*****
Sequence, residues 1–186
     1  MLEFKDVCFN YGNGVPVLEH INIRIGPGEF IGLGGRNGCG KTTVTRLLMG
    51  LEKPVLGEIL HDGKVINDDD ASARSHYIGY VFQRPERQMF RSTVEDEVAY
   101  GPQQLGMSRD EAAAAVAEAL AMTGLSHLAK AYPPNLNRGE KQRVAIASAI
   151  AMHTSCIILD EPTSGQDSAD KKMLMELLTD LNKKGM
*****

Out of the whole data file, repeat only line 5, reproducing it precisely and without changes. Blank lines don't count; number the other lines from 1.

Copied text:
   151  AMHTSCIILD EPTSGQDSAD KKMLMELLTD LNKKGM